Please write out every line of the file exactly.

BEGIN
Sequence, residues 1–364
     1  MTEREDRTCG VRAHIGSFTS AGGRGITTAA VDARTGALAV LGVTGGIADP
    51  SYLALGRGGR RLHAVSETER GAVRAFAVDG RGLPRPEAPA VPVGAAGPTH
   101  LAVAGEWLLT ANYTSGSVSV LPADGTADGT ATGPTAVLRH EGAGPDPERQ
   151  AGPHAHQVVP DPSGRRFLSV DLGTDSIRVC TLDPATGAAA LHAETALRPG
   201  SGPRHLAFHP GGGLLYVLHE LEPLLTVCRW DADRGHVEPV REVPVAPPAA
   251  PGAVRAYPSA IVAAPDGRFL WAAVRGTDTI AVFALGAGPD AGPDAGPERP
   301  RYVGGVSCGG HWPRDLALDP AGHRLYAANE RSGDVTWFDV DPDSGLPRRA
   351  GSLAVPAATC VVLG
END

Sequence, residues 1–364
     1  MTEREDRTCG VRAHIGSFTS AGGRGITTAA VDARTGALAV LGVTGGIADP
    51  SYLALGRGGR RLHAVSETER GAVRAFAVDG RGLPRPEAPA VPVGAAGPTH
   101  LAVAGEWLLT ANYTSGSVSV LPADGTADGT ATGPTAVLRH EGAGPDPERQ
   151  AGPHAHQVVP DPSGRRFLSV DLGTDSIRVC TLDPATGAAA LHAETALRPG
   201  SGPRHLAFHP GGGLLYVLHE LEPLLTVCRW DADRGHVEPV REVPVAPPAA
   251  PGAVRAYPSA IVAAPDGRFL WAAVRGTDTI AVFALGAGPD AGPDAGPERP
   301  RYVGGVSCGG HWPRDLALDP AGHRLYAANE RSGDVTWFDV DPDSGLPRRA
   351  GSLAVPAATC VVLG